The Rising East


Sunday, July 7, 2002

U.S. finds Chinese cagey
about military discussions

A senior Pentagon official has just completed an inconclusive visit to Beijing where he failed to find a way for American and Chinese military forces to resume professional contacts.

Peter Rodman, assistant secretary of defense for international security, succeeded only in identifying points of contention, according to U.S. officials. Rodman met with Defense Minister Chi Haotian, the chief of general staff of the Peoples Liberation Army (PLA), Xiong Guangkai, and vice minister of Foreign Affairs Li Zhaoxing.

"Both sides talked at each other and it was all very polite," said a U.S. official, "but it was not conclusive." In Washington, Rodman and other top officials are discussing Rodman's findings before recommending the next step to President Bush.

Adm. Thomas Fargo, commander in chief of the U.S. Pacific Fleet, inspected the Chinese honor guard on Aug. 2, 2000, after the USS Chancellorsville arrived at Qingdao for a four-day visit.

At issue are military-to-military contacts in which Chinese officers visit American bases, Chinese ships make port calls in the U.S., and Chinese defense officials attend U.S. conferences on security matters. In return, American officers, ships and officials visit China.

Those exchanges all but came to a halt in April last year after a Chinese jet collided with a U.S. Navy EP-3 surveillance aircraft. The Chinese pilot was killed and the American crew made an emergency landing on China's Hainan island.

In Beijing, Rodman ran into three stumbling blocks: reciprocity, transparency and consistency.

In the first, American officials have long asserted that the U.S. is far more open with the Chinese than the Chinese have been with Americans. Chinese officers are shown U.S. forces in realistic training and are given ship and base tours but are not shown anything secret, including U.S. logistics. The Chinese, however, have shown the Americans much less.

That leads to the second problem, a lack of Chinese transparency. Part of Chinese reticence appears due to an intrinsic tendency to secrecy. In addition, some Americans speculate, the Chinese may be embarrassed because their forces are not so well trained and armed as the Americans. "They just don't want us to see how bad they are," said one officer.

Third, the U.S. wants a guarantee that military exchanges will not be cutoff whenever there is a contentious issue between Washington and Beijing. The Chinese have been inconsistent, for instance, in permitting U.S. warships to call at Hong Kong.

Chinese officials say the PLA is ready to resume the contacts because there is much to learn from the Americans and contend that the underlying problem is that the Bush administration has not decided its policy on China.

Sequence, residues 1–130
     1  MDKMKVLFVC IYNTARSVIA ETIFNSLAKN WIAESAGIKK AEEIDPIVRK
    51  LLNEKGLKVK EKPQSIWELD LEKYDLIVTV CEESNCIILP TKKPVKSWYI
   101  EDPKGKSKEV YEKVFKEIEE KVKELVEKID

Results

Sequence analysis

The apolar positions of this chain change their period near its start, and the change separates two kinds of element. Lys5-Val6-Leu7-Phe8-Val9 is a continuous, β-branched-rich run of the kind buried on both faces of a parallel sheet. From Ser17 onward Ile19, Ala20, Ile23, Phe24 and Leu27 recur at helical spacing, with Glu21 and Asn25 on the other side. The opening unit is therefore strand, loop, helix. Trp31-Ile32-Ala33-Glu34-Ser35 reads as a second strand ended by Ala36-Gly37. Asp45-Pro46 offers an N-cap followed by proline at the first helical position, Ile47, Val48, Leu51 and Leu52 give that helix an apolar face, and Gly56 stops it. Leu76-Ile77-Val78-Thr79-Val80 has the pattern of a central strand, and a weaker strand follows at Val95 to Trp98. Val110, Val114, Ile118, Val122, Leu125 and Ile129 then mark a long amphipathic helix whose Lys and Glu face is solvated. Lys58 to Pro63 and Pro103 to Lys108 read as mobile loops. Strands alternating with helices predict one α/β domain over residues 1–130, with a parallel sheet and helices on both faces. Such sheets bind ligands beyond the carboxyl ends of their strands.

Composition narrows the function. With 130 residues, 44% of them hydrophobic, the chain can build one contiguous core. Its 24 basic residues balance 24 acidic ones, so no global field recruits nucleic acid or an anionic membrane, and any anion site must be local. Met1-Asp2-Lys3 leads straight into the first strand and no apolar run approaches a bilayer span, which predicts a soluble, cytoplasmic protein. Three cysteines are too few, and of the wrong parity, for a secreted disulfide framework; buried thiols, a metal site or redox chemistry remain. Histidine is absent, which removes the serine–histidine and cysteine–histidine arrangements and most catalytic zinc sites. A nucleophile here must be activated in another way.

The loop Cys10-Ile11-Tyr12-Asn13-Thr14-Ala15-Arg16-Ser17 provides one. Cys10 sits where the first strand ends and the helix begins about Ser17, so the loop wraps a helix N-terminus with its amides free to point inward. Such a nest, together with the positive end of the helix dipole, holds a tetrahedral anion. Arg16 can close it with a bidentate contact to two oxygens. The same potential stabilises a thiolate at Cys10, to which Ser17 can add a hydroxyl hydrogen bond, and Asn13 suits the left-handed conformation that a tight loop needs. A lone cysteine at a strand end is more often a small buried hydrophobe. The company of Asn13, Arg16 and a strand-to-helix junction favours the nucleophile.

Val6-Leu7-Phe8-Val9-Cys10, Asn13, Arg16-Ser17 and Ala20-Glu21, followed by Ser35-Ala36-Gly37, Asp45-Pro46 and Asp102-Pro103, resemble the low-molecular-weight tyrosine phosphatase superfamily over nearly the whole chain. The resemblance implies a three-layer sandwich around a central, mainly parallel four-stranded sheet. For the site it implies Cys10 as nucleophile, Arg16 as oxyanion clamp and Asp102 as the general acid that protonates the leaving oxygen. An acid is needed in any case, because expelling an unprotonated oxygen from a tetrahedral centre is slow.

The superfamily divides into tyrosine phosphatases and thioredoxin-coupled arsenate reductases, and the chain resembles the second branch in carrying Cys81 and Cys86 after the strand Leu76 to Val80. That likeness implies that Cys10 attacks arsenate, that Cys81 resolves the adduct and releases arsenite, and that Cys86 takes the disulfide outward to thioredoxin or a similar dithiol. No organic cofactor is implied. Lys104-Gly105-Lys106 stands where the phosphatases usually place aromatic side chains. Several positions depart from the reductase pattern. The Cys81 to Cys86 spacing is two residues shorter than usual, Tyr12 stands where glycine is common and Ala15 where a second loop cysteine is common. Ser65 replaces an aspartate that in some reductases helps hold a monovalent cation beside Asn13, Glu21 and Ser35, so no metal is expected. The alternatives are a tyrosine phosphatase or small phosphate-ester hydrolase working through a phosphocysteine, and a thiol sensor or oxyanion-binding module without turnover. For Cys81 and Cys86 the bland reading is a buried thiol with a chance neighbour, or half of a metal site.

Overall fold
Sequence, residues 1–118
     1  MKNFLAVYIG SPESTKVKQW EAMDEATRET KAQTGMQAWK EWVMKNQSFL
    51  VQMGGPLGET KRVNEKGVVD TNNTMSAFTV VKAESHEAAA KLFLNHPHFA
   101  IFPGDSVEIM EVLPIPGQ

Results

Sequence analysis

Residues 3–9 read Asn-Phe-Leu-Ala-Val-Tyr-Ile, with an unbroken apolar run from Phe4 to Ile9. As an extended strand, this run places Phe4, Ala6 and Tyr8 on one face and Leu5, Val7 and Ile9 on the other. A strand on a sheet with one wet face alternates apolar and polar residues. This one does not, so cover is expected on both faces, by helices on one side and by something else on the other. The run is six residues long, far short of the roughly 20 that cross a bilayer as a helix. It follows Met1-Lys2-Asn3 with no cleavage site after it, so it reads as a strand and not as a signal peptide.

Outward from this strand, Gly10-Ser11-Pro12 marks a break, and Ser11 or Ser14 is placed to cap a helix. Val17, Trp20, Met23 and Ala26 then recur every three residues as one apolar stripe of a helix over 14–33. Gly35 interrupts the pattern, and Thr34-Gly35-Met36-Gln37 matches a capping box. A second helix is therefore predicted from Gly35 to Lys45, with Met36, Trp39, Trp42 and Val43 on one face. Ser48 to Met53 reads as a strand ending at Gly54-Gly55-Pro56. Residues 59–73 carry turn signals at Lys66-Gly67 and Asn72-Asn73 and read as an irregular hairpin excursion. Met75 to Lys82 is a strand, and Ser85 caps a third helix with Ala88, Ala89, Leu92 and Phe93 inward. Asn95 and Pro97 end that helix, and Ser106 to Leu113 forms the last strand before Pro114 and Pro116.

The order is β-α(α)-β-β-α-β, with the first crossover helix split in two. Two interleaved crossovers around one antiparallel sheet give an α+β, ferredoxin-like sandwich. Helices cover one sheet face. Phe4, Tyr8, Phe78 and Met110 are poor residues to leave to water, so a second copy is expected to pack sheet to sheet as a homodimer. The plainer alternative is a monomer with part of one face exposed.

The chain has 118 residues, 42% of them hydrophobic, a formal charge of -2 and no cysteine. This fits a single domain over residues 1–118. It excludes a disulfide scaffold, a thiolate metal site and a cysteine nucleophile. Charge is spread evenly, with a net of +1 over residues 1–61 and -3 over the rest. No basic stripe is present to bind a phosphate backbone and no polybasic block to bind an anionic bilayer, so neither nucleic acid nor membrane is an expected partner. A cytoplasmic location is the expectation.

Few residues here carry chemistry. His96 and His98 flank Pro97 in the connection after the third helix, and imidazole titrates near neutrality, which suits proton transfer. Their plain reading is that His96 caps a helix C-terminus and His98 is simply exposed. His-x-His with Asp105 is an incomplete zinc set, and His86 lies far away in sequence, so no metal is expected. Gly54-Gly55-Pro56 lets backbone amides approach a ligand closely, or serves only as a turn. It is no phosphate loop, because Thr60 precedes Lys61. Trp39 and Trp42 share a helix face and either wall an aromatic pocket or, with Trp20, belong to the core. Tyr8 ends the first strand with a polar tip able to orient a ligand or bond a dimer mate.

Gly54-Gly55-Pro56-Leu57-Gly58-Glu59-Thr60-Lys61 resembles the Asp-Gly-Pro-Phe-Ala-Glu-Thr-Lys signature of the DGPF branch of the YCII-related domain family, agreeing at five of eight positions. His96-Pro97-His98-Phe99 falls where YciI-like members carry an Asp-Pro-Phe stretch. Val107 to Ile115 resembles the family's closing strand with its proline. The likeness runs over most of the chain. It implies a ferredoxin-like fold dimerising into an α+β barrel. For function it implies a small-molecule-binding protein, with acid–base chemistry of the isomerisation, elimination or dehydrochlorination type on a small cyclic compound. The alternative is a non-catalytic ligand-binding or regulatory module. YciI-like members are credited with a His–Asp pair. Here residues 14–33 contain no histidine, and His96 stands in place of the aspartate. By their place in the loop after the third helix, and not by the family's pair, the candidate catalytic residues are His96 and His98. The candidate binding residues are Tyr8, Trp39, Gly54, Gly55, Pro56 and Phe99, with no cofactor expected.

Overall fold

Some U.S. officials agree on the latter point, saying that a vigorous debate runs through the upper echelons of the Bush administration, with hardline conservatives arguing against the exchanges.

Rodman himself seems to advocate a measured approach. Before he came to office, he wrote that an intelligent American strategy would offer "China a constructive course as a positive alternative to a collision course."

Many senior U.S. military officers have become advocates of a carefully crafted exchange program with China. The commander of U.S. forces in the Pacific and Asia, Adm. Thomas Fargo, has told Congress: "I am support of a modest military-to-military relationship."

"It's clear to me," the admiral said in written response to questions, "a frank, constructive discourse that's clearly aimed at preserving peace and stability throughout the region should be the way ahead."

American officers see three benefits to the United States in such discourse:

>> Deterrence: By showing the Chinese some capabilities of U.S. forces, American officers seek to deter the Chinese from miscalculating. Watching a 23-year-old staff sergeant put an Abrams tank through its paces in the California desert will give the Chinese pause, they hope.

>> Communication: American officers have sought to relieve a long-standing Chinese anxiety by reassuring them that the U.S. has no plans to contain China.

>> Intelligence: U.S. satellites and surveillance aircraft can count Chinese ships, planes and missiles. Only face-to-face conversation can tell Americans something of the attitudes, training and experience of their Chinese counterparts.

Hawaii can be a particularly effective stop for Chinese officers. The USS Arizona, resting on the bottom of Pearl Harbor where Japanese warplanes sank her on Dec. 7, 1941, represents America's greatest military defeat. But 200 yards away stands the USS Missouri, the battleship on which the Japanese surrendered in Tokyo harbor less than four years later.

The lesson should be clear.

Richard Halloran is a former correspondent
for The New York Times in Asia and a former editorial
director of the Star-Bulletin. His column appears Sundays.
He can be reached by e-mail at

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